Dr. Varsha Bundela on Craze of ‘Desirable Looks’ through Cosmetic Surgery
- JWB Post
- June 10, 2015
Cosmetic surgery is a growing practice these days. There is always a general debate about the appropriateness of cosmetic surgery and the risks involved. JWB chats about this choice women make with Jaipur based Dr. Varsha Bundele, Cosmetic Surgeon from Vivan Hospital.
JWB: For what kind of surgeries patients mostly approach you?
Dr. Varsha: Patients usually come in for correction of the facial profile, especially rhinoplasty (surgery of nose). Quite a few of them also come for removals of the localized fat collection (liposuction). Some women opt for breast augmentation and reduction also.
JWB: Would you say that this tendency of opting for cosmetic surgery is more prevalent in females as compared to males?
Dr. Varsha: Not really. Male patients are equally conscious of their facial profiles, and the percentage of males and females opting for surgeries like rhinoplasty is almost equal. A number of male patients goes for Gynecomezia Surgery, which essentially involves reduction of enlarged and protruding male breasts which tend to give men a feminine look.
JWB: Have there been instances when you refused to perform surgery?
Dr. Varsha: Yes. Breast surgery is not recommended unless there is some serious reason like a burn scar on the breast that can hamper its proper development. To perform surgeries like rhinoplasty and genioplasty (surgery of chin), a patient has to be at least sixteen to seventeen years old, so that the development of the face can be complete.
JWB: What percentage of plastic surgery cases do teenagers account for?
Dr. Varsha: Teenagers account for 10-20% of total plastic surgery cases. However, if looked at aesthetic surgery specifically, the number would approximate to about 8-10%.
JWB: You have been in this profession for past several years. Has there been any significant difference in the quantity and form of patients?
Dr. Varsha: With increasing incomes and the enormous exposure provided by media, there has definitely been an increase in the demand. However, it depends on us to counsel them on pre- and post-operative complications and explain the emotional as well as the physical implications that comes with plastic surgery.
JWB: What are the possible reasons for such a trend among the youth?
Dr. Varsha: The huge importance that is given to physical appearance these days is unbelievable. Plastic surgery is becoming more acceptable as they are becoming sensitive about their appearance and self-image in public.
JWB: Do people really understand the permanence of procedures?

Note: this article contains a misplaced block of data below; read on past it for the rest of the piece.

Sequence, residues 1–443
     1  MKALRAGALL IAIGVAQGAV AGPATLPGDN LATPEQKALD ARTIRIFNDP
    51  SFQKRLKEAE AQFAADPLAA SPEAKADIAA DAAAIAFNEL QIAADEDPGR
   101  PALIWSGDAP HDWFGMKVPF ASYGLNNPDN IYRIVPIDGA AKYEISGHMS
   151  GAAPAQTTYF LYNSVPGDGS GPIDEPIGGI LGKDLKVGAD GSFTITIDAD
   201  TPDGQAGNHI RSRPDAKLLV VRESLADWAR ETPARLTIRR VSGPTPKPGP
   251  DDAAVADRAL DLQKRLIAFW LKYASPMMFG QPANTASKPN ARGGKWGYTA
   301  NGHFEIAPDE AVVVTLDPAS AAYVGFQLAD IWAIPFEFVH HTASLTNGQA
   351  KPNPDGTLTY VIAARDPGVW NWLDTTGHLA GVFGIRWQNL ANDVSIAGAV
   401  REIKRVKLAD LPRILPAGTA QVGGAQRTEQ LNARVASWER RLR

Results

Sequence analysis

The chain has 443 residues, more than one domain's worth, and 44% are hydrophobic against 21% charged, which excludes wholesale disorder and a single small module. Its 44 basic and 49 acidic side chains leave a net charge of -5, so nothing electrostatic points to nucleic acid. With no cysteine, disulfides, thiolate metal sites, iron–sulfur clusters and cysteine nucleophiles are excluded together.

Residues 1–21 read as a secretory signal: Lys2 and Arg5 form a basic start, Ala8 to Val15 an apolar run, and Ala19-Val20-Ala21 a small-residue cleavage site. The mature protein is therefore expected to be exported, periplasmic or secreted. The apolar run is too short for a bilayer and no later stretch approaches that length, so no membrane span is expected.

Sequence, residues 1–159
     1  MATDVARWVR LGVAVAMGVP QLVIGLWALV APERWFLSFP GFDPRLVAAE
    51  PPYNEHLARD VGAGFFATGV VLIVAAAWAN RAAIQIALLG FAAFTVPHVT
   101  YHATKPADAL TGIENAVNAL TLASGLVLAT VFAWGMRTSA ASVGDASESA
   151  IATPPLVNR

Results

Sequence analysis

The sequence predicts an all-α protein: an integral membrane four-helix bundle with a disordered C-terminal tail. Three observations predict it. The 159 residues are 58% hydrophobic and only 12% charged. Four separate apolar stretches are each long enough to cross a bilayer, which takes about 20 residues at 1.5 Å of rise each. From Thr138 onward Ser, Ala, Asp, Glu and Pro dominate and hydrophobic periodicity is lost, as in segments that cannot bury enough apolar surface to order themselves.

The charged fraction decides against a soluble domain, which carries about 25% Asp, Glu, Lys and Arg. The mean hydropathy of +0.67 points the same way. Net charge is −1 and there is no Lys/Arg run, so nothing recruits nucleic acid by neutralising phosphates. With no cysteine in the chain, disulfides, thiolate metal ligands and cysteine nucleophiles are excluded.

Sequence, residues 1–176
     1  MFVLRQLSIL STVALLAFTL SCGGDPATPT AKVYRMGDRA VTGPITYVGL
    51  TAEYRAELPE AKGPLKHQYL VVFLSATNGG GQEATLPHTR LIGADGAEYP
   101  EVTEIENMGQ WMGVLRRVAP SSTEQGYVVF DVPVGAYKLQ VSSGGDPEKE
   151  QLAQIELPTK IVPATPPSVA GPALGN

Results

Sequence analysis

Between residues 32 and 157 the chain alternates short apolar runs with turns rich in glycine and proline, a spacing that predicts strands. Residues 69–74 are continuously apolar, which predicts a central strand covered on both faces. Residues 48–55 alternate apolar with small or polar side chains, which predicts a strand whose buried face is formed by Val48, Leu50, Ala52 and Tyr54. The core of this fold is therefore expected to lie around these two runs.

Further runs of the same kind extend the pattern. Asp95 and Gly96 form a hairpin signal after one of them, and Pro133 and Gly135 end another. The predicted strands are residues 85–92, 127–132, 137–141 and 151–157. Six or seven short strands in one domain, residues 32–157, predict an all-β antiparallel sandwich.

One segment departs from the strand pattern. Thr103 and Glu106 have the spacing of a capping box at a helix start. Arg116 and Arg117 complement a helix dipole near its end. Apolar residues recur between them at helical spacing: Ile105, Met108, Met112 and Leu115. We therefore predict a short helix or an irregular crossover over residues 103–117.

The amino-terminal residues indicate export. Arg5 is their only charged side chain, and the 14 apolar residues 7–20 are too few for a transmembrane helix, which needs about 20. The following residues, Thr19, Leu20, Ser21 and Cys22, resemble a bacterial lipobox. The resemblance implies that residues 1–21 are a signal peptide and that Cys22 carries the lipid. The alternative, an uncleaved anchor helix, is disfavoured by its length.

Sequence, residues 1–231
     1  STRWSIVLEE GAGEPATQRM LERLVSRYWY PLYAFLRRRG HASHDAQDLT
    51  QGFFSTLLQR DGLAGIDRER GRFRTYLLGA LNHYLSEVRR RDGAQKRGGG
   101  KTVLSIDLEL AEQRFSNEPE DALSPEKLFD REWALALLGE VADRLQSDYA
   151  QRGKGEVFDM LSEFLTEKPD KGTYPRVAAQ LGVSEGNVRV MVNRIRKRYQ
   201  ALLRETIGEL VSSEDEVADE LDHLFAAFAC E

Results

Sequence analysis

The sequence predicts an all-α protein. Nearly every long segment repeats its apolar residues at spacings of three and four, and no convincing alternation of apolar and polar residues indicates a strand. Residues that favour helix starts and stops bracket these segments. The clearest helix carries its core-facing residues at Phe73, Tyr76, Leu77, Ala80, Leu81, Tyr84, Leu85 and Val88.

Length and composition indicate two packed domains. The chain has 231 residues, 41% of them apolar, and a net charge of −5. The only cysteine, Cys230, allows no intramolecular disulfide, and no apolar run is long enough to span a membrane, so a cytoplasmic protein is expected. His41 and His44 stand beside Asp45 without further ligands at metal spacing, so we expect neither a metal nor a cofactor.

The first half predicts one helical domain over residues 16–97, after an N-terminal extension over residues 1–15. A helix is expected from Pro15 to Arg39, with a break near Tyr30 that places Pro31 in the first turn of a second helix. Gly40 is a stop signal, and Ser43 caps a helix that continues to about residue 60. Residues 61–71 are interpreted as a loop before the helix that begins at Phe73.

Dr. Varsha: Plus there are risks and stress related to realistic expectations. It all has to be discussed carefully. Our foremost job is to detect unrealistic expectations.
JWB: Are there guidelines available to help plastic surgeons with the psychological assessment of patients?
Dr. Varsha: When you evaluate a patient, it is not just the physical examination; it is also an assessment of patients’ emotional and mental health and stability. The consultation is a 2-way street: The patient assesses the surgeon to determine whether the surgeon is competent, caring, and appropriate for them, and the surgeon assesses the patient for appropriateness for the surgery.
JWB: Should the number or type of cosmetic procedures that are available for teens be limited?
Dr. Varsha: Some types of procedures simply are not appropriate. For instance, we generally do not perform breast implants until at least 18 years of age, and silicone implants cannot be done until patients reach 22. It is unusual to perform breast reduction before 15. An exception may be made for young patients with dramatically uneven breast development.
There are several procedures that are increasingly performed on teens. For example, liposuction in teenagers is discouraged, but some patients have specific medical conditions that make it appropriate. Obviously, it should not be done until nonsurgical approaches have been tried.
You should never do surgery – at any age or in any patient – unless the benefits outweigh the risks, and the improvement that is possible is greater than the costs and risks of surgery.
JWB: Should there be legal limits?
Dr. Varsha: There is no legal prohibitions because there are often special medical circumstances.
JWB: Do patients ever have regrets about their cosmetic surgery later?
Dr. Varsha: There are always a small percentage of patients, at any age, who have some regrets after the surgery is done. That is why doctors need to try to evaluate “How are you going to feel about this in 2 or 3 years?” and not just “What do you want today?”
Photography by: Nupur Agarwal